Boost Your Elevator Pitch’s Appeal Using a Philosophy Framework

Using Grice’s conversational maxims might just help you land your pitch.

Landing an elevator pitch is a tricky thing to do. While the most important part is the content of your pitch, the way you’ll present it to clients, investors, or higher-ups will make or break the whole thing.

One way to ensure that your pitch will be successful is by following a 20th-century British philosopher’s maxims. Paul Grice made great strides in how we perceive language and semantics through his work on the cooperative principle. His idea is that there are preconceived notions and assumptions on how exchanges will be made when people engage with each other. A 2015 study backs up this idea and even says that children as young as 6 years old can already tell whether the maxims are all there or not when listening to someone speak.

What does this mean for you and your major pitch? It means that decision-makers will filter your words using Grice’s maxims as they listen to you. If you ever step out of bounds, there’s a high chance that you’ll lose their interest. With such high-stakes conversations, it’s crucial to make sure that your hard work will not go down the drain just because you don’t know the right techniques you need to present and discuss it well.

So how should you go about your pitch? Let’s take a close look at Grice’s framework in order to learn how to grab your listener’s rapt attention.

1. Limit what you say to only what’s needed

The idea behind an ‘elevator pitch’ is that you should be able to discuss it entirely in a short span of time. To do that, you cannot beat the bush or go off tangents. You have to go straight to the point. It would also be best not to discuss more than what’s necessary as there’s a chance that it can create confusion. 

Grice’s maxim of quantity states that one should try to be as informative as possible and not more. Giving excess information can clutter your story and position and will keep you from being precise and effective. This is why it’s crucial to keep editing your pitch until it’s pared down to the most essential elements.

This precept is believed to be one of the most challenging parts as it requires restraint without sacrificing the content. It can be a bit daunting, too, but one-way experts recommend to conquer this challenge is by ensuring that your message is propelled forward as you build your case. One trick is by following your every sentence by the question, “so what?” If what you’ll say next will not move the message forward, you should leave it out. 

2. Back what you say with evidence

In the age of fake news, we all know how important it is to only state facts and nothing but. Following Grice’s maxim of quality, you should make sure to only speak the truth and to be ready to back up your claims.

It’s said that if your listeners start asking whether your statement is true, they’re already divesting from your message. You shouldn’t give your listeners the opening to doubt what you say by providing credible and truthful information. Doing so will help you keep their attention and will prevent them from straying away from your presentation.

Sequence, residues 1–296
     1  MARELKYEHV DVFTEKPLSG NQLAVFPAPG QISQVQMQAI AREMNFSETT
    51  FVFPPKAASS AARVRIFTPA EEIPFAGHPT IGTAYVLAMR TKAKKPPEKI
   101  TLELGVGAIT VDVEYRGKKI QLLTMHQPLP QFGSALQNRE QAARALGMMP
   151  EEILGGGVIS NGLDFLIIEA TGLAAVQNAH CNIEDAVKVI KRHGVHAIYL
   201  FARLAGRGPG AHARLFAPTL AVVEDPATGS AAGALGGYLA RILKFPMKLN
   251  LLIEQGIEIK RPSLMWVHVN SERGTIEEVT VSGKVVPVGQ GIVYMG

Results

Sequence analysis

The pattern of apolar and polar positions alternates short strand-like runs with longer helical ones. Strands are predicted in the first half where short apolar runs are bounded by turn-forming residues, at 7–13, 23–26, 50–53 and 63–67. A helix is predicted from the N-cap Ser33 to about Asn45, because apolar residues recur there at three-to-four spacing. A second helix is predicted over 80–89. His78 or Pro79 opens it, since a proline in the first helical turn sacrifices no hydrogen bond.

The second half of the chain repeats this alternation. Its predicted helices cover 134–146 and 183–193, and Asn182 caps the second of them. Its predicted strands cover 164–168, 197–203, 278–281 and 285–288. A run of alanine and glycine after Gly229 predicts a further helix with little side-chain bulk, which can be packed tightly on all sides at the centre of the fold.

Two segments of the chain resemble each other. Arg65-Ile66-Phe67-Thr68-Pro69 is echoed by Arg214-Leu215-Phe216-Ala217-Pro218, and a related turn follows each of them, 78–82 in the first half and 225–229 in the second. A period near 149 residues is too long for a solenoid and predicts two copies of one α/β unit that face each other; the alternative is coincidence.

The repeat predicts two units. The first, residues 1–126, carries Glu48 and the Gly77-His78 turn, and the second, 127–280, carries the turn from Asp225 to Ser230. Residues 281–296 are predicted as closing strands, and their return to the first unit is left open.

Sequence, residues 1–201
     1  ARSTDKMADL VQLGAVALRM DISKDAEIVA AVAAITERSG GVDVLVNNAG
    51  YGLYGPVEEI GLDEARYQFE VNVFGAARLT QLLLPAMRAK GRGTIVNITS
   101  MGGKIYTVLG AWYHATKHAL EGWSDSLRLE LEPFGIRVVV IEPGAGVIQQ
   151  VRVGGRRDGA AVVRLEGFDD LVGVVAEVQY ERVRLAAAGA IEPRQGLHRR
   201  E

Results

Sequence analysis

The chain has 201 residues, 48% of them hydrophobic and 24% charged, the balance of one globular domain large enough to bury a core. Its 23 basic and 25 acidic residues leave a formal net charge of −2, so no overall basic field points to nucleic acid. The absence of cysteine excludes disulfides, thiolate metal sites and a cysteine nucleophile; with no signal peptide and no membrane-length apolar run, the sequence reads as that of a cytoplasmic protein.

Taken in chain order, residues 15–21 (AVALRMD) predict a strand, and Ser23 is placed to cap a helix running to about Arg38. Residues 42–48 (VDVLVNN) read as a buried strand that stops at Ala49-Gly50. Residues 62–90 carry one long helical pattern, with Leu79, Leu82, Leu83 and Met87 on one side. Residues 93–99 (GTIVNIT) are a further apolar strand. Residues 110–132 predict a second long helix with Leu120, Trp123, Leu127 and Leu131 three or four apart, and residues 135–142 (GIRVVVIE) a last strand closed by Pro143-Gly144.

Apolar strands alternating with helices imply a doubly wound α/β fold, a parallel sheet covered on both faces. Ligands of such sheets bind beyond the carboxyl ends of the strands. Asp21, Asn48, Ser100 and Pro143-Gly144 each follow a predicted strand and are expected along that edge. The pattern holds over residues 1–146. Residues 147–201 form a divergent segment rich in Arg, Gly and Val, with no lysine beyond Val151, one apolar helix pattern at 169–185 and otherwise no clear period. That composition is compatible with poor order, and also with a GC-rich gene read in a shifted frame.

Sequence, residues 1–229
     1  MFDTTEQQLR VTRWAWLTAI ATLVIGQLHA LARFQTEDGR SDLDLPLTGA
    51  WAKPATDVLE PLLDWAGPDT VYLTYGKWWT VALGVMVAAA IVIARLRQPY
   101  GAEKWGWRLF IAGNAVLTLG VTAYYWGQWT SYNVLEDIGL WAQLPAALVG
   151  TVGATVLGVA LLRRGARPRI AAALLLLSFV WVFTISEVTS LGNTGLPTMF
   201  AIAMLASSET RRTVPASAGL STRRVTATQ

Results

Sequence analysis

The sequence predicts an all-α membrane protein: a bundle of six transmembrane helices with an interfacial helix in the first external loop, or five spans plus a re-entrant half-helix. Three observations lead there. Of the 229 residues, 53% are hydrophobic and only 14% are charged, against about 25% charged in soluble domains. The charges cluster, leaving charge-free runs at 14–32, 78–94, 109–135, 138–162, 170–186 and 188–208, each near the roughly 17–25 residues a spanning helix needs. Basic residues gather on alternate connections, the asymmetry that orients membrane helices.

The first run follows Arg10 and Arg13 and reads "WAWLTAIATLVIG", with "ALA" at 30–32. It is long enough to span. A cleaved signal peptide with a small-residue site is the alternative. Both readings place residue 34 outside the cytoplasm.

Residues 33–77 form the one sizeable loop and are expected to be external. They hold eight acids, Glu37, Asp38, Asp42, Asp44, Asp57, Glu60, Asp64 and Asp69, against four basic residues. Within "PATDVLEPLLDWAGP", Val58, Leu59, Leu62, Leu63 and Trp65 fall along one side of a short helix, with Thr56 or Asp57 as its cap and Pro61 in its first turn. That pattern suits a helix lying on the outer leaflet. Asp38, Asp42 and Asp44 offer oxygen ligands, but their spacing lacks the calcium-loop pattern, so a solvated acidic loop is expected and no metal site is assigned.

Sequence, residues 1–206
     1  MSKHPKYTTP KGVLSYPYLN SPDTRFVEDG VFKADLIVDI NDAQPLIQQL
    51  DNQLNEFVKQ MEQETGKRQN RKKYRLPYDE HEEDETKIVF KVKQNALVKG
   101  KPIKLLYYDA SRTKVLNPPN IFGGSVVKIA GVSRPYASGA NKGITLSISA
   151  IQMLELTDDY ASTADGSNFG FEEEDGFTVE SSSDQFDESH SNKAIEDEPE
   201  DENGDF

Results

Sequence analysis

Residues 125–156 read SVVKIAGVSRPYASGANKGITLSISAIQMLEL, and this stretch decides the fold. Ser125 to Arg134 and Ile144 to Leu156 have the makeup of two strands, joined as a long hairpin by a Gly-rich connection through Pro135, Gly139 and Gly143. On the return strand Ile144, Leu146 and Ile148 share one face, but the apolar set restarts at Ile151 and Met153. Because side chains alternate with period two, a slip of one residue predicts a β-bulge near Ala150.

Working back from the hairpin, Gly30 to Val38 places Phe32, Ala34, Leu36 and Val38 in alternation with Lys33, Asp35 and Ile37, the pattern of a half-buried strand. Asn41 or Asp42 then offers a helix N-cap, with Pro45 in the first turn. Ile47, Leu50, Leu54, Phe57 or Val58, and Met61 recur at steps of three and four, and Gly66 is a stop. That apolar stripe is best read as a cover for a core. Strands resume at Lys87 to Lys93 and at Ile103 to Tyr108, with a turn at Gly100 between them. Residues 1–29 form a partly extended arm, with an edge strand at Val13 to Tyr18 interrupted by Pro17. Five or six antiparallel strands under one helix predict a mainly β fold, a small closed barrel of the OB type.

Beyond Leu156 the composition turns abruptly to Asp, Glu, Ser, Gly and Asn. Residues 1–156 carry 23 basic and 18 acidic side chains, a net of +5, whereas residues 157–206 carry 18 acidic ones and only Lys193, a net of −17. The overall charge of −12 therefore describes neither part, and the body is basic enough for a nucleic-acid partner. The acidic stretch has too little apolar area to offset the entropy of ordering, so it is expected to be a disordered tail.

The great thing is that we’re now living in the age of information. Verified data that will reinforce your position right are at your fingertips, just waiting to be uncovered and cited. Just be careful when citing statistics, however. Studies show that they can be a bit alienating so it’s best to provide sufficient context as well.

It’s natural for listeners to try to corroborate the information you’re presenting so it’s best to anticipate the skepticism. Doing so will let you cover your bases and you’ll also be able to keep your audience engaged.

3. Keep things relevant

The best way to deliver your message is by sticking to it and staying on topic. How can you expect a listener to buy into what you’re saying if they can’t tell what exactly it is? Make sure that your additional statements are contributive and relevant to your message. As they say, context is God even if content is king.

4. Be organized in presenting your arguments

Last but not least is that you have to be organized when presenting your position and arguments. This guarantees that effective communication as the flow of the conversation or speech will have a singular direction. This will allow listeners to stay on track with what you’re saying, ensuring that they understand the information you’re presenting. Be clear and easy to understand. And if you can, be brief about it.

Avoiding obscurity and ambiguity will greatly help in this regard. The flowery speech might make you sound smart but it might not keep the attention of your listeners. Tailor-fitting your speech to better appeal to your audience is also ideal to keep your audience engaged.

Science shows that most folks are conditioned to keep an ear out for these maxims so if you manage to make them work for you, you can expect great results from your pitch. As the precepts are very reasonable, too, and will only really need you to stay on topic, be concise, and truthful so they shouldn’t be too hard to execute. With some planning, outlining, and prioritizing, you can be sure to create a pitch that will help you nail all four precepts without a hitch.

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